Alfredo Arvide, co-founder and managing director, tells InnovationMap that the idea for the platform came after the pandemic forced restaurateurs to quickly pivot to touch-free menus. Now that the consumer has adapted to scanning QR codes to view menus, the next step is to optimize ordering — something that will also help with the labor shortages that restaurants are now facing.

"Now is the time transform this industry by creating a better meal experience for the consumers, an easier job for the restaurant staff and a more efficient, more profitable business for restaurant owners," Arvide says.

Existing technology costs restaurants thousands, but Cloche takes its cut on the consumer side. Customers pay a small percentage of their total for a platform fee — something that costs significantly less than the tip they'd leave if they had a waiter serve their table.

"We want to put consumers in control of their meal experience by connecting consumer’s phones directly with the kitchens," Arvide says, noting that the platform allows for users to request refills, condiments, and more. "We also want to uphold the restaurants’ staff wellbeing. Our intention is not to have technology replace the human aspect of the restaurant experience but take it to the next level."

One Houston restaurant — Cascabel Mexican Vegan in Spring Branch — has already deployed the technology. The company is actively seeking new eateries to onboard the platform. Arvide says any restaurant can benefit from Cloche, but right now he things cafes and casual dining spots are primed for the platform.

"While the Cloche experience will come more natural for fast food, counter service, ghost kitchens and overall, less personal meal experiences, we are working hard on adapting our service to support everything, from food-trucks to more sophisticated upscale restaurants where we would expect – and encourage – the wait staff to shift their focus from taking food orders manually to delighting customers," Arvide says.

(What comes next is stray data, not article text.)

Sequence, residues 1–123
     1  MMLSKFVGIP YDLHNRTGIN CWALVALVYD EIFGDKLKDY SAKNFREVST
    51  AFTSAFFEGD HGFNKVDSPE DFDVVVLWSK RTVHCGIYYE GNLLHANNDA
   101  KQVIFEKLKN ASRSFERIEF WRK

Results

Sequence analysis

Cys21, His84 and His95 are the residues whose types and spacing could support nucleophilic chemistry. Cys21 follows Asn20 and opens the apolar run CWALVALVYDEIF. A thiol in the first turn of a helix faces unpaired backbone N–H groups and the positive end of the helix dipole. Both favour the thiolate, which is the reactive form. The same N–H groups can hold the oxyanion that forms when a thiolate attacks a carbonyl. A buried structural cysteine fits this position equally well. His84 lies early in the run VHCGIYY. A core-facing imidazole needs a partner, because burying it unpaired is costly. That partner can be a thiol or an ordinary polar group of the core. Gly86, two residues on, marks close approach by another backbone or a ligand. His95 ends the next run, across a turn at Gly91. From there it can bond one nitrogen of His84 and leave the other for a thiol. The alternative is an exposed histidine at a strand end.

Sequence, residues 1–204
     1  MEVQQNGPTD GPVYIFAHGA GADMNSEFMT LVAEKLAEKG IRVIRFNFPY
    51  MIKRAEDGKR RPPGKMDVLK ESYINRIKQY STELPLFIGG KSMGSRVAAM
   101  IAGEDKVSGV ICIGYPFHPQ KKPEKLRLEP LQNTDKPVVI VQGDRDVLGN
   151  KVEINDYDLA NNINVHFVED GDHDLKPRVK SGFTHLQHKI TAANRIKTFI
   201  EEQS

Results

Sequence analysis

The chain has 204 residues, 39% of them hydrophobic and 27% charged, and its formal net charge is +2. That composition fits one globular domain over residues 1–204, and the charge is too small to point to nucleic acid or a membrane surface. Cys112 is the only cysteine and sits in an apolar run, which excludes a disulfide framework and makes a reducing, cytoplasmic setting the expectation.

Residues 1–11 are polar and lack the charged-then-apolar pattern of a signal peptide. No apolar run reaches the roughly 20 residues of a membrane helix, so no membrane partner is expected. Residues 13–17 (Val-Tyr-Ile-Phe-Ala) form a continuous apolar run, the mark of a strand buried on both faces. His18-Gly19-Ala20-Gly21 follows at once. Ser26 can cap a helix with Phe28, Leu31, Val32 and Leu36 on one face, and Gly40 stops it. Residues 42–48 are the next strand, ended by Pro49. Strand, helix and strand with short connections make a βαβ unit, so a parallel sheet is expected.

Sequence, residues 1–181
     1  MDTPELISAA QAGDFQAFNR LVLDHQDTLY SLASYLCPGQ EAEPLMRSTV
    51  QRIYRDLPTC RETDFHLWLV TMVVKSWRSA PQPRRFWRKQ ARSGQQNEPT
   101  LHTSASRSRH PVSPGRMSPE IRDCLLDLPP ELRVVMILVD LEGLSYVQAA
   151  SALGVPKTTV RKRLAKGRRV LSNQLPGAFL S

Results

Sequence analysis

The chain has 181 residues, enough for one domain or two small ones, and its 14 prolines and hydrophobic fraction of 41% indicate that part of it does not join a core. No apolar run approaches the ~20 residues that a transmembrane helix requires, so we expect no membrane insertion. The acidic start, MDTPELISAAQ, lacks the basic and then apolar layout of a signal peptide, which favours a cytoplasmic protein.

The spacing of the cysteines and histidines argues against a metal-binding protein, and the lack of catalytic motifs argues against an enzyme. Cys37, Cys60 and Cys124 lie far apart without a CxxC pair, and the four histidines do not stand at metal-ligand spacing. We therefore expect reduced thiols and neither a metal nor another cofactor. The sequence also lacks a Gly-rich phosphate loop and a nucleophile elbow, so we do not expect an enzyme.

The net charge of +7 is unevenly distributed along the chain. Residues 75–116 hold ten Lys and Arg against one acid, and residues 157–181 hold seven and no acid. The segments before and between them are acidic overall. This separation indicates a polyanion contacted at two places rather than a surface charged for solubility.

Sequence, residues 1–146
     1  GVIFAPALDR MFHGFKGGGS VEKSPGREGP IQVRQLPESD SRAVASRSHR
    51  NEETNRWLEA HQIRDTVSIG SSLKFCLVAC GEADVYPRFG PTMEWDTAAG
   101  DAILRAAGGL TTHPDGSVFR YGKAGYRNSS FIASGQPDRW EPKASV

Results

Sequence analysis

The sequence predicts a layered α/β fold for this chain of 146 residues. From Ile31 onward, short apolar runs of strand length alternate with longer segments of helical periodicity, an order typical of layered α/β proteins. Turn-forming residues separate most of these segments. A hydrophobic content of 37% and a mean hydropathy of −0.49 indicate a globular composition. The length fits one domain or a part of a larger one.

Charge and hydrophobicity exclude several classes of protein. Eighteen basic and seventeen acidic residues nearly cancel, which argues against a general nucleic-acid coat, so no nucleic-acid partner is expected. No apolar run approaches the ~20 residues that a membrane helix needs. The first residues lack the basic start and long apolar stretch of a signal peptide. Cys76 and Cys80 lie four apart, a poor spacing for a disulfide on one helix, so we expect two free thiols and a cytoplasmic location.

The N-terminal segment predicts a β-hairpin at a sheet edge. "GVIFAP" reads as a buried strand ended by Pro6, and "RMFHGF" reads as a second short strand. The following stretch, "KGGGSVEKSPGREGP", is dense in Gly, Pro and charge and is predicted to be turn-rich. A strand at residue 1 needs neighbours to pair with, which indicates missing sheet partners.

The software for the platform has been designed by Blue People, a Houston-based custom software development shop. The organization works with companies of all sizes looking to develop their own platform, including startups looking to build their MVPs and mobile apps. In addition to his role at Cloche, Arvide serves as chief innovation officer for Blue People.

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Texas lands in top 10 states expected to be most financially affected by weather events

report

Texas — home to everything from tornadoes to hurricanes — cracks the top 10 of a new report ranking states based on impact from weather-related events.

SmartAsset's new report factored in a myriad of data from the Federal Emergency Management Agency to identify which states face the most financial risk due to various weather events. In the report, the states were ranked by the total expected annual financial losses per person. Texas ranked at No. 10.

"With a variety of environmental events affecting the wide stretch of the United States, each state is subject to its own risks," reads the report. "Particularly, tornadoes, wildfires, hurricanes, flooding, landslides, lightning and drought, among other events, can cause damage to buildings, agriculture and individuals alike. When considering insurance, residents and business owners in each state should account for historic and projected losses due to environmental events in their financial plans."

In Texas, the total expected annual loss per person is estimated as $283.15. The report broke down each weather event as follows:

  • Coastal flooding: $1.49
  • Drought: $3.48
  • Earthquake: $1.71
  • Heat wave: $8.16
  • Hurricane: $89.22
  • Riverine flooding: $66.05
  • Strong wind: $5.37
  • Tornado: $71.04
  • Wildfire: $8.26
  • Winter weather: $1.96
Louisiana ranked as No. 1 on the list with $555.55 per person. The state with the lowest expected loss per person from weather events was Ohio with only $63.89 estimated per person.


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This article originally ran on EnergyCapital.

Exclusive: Houston hydrogen spinout names energy industry veteran as CEO

good as gold

Cleantech startup Gold H2, a spinout of Houston-based energy biotech company Cemvita, has named oil and gas industry veteran Prabhdeep Singh Sekhon as its CEO.

Sekhon previously held roles at companies such as NextEra Energy Resources and Hess. Most recently, he was a leader on NextEra’s strategy and business development team.

Gold H2 uses microbes to convert oil and gas in old, uneconomical wells into clean hydrogen. The approach to generating clean hydrogen is part of a multibillion-dollar market.